However, size isn’t the only factor at play here. Your dog’s life expectancy will also be determined by various environmental aspects such as food, exercise, happiness levels, and how quick you are to notice when things do start to go wrong. Gender is another distinction, with females living around a year longer than males, on average. Neutering your pup can also increase their longevity and make behavioral issues less likely too.
Life Stages of a Cockapoo
With many people still subscribing to the outdated idea that every canine year is the equivalent of a human one, it can be tough to keep track of the various life stages that your dog moves through. However, being able to do this is vital for understanding their needs at each particular time of their lives. Certain aspects of their care (not to mention their training and socialization) should be tailored around this, including their diet and exercise amounts.
From birth to 6 months, Cockapoos are considered to be puppies. At this stage, they are learning all about the world. Early, careful socialization is as vital for their wellbeing as the right nutrients are for the tremendous amount of growth that will happen now. Your fur-baby will reach at least half their adult weight in this time and achieve around three-quarters of their mature height. A puppy formula rich in calcium and other essential minerals is vital to supporting this. You’ll also have to deal with teething here.
After that, and up until the age of 18 months, these dogs are adolescents. At this time, your pup will reach sexual maturity and their full height too. They may, however, continue to look all lean and leggy as they continue to gain weight, and most importantly muscle mass. You mustn’t exceed manufacturer feeding guidelines as they could really start gaining unnecessary pounds. As is the case with human adolescents, this will be the age when your pup starts pushing boundaries to see what they can get away with. Stay firm with training.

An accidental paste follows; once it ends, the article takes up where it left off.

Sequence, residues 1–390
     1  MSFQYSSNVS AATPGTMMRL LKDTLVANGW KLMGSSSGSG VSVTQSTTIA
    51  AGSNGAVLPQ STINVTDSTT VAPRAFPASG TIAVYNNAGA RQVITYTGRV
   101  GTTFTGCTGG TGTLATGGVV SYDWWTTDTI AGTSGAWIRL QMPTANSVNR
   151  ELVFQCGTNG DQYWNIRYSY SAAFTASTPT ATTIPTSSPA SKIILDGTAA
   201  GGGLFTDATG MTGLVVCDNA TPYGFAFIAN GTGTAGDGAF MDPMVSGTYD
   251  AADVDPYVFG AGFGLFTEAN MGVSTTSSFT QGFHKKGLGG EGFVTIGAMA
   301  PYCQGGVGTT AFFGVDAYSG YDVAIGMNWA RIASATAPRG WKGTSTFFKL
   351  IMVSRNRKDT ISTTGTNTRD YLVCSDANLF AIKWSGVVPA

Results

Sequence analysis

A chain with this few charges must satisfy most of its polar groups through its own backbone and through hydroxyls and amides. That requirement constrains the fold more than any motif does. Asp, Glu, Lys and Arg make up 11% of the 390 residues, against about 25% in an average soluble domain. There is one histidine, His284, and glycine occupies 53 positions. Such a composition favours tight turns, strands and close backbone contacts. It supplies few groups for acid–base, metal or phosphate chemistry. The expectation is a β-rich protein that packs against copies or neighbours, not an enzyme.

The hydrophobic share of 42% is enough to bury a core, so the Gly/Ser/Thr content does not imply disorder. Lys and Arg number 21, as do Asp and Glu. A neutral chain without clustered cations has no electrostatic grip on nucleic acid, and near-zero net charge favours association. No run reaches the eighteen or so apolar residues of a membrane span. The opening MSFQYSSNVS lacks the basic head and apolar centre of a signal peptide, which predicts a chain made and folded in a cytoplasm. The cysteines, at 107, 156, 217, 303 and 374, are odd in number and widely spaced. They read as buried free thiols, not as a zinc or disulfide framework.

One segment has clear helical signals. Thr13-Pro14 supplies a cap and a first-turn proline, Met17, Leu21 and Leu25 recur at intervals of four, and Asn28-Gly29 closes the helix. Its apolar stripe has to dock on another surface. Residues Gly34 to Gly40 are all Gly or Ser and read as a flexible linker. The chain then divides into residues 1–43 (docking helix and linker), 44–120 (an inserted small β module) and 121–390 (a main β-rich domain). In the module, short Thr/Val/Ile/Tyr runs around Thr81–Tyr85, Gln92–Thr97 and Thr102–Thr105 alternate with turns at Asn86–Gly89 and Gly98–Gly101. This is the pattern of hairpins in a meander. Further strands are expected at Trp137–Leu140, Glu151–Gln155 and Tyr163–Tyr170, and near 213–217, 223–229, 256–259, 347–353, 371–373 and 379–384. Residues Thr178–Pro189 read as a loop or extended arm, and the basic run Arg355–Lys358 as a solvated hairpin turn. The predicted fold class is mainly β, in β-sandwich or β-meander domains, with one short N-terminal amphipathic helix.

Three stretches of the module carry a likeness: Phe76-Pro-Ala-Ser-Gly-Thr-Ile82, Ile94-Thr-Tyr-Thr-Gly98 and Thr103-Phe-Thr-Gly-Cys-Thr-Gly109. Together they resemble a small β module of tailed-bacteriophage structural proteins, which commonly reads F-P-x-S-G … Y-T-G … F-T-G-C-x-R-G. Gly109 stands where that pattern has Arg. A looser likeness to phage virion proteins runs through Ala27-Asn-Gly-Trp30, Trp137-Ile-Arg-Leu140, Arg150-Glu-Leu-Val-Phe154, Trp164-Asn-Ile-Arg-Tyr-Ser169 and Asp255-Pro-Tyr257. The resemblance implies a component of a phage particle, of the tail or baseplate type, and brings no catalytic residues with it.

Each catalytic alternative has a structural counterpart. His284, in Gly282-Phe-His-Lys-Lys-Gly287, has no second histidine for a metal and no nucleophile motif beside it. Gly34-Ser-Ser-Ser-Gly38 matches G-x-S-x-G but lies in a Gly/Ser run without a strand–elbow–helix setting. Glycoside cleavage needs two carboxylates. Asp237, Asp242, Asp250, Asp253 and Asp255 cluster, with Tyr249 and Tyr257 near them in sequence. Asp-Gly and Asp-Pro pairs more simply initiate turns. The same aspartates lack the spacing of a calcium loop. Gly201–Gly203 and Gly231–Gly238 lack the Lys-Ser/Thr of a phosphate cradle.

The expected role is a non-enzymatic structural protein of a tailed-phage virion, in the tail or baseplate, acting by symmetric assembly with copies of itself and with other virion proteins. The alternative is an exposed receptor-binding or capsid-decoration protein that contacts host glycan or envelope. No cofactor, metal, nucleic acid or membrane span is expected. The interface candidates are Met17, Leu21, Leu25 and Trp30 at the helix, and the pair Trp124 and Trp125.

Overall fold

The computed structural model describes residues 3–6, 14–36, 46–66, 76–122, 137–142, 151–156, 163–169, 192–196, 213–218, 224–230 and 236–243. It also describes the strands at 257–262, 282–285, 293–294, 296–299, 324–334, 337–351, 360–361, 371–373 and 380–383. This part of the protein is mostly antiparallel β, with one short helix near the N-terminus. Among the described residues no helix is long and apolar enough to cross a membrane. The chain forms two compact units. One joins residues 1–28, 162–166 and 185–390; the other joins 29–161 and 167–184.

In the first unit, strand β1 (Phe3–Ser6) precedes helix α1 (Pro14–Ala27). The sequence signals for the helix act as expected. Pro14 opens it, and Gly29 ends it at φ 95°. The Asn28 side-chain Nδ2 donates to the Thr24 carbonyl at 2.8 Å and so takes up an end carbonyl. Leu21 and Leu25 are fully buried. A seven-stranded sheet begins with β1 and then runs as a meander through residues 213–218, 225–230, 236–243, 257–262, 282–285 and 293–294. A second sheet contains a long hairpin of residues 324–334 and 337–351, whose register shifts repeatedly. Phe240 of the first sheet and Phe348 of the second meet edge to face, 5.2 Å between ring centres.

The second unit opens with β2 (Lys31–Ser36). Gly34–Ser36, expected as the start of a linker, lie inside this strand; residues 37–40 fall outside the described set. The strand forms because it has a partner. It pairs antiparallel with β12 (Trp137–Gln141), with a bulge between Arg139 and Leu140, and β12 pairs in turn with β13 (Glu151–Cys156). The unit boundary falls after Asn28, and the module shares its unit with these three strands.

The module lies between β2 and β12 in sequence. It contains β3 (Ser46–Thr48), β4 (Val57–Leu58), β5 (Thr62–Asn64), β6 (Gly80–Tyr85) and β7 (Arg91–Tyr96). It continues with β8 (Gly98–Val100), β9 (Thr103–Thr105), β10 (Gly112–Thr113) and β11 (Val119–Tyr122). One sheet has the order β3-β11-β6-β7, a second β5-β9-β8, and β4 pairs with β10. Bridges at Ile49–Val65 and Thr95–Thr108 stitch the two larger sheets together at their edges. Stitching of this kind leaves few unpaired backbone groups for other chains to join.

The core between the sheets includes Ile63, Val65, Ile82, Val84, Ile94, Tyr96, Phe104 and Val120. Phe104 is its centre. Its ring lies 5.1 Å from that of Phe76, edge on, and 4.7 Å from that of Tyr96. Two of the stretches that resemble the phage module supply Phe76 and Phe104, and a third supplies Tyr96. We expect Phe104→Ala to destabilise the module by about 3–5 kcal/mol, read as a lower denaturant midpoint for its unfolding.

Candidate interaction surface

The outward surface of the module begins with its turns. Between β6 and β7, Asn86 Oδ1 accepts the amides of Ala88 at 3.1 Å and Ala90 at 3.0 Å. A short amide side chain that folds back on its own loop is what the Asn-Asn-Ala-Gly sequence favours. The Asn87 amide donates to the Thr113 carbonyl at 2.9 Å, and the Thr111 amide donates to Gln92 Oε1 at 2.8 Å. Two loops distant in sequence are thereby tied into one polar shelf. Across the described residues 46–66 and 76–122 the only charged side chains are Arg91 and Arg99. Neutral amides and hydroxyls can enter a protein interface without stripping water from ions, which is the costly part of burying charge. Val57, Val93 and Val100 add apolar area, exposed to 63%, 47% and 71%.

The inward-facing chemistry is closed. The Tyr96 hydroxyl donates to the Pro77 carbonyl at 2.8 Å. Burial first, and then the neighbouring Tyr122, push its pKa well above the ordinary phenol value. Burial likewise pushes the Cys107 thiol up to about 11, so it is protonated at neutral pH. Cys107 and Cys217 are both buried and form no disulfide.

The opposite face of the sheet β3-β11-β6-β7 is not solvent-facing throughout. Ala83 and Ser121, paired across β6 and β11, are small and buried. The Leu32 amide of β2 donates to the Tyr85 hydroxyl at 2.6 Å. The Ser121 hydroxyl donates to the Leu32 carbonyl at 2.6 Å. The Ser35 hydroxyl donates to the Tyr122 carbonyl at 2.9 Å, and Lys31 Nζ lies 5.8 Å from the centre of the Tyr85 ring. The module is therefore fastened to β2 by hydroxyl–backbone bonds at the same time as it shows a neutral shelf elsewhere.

Up until the age of 3 years, Cockapoos are considered young adults. You will have switched them over to an adult food formula and up their exercise levels. While your Cocka may still often act like a puppy, they will overall be much calmer and more willing to go with their training in this stage. You shouldn’t be dealing with too many health issues at this time. The main reason for vet trips right now (aside from regular checkups) will be (hopefully) minor injuries from them just being their curious, energetic, doggy selves.
After that, these pups can be thought of as regular adults until they are somewhere between 8 and 10 years of age (the bigger they are, the younger this will be). At this age, they become seniors and have progressively different needs. You will need to keep a closer eye on their health and be on the lookout for signs of them slowing down. They will become increasingly vulnerable to degenerative diseases, joint pain, and more. Alongside switching to a senior food, you might want to up the frequency of their vet checks.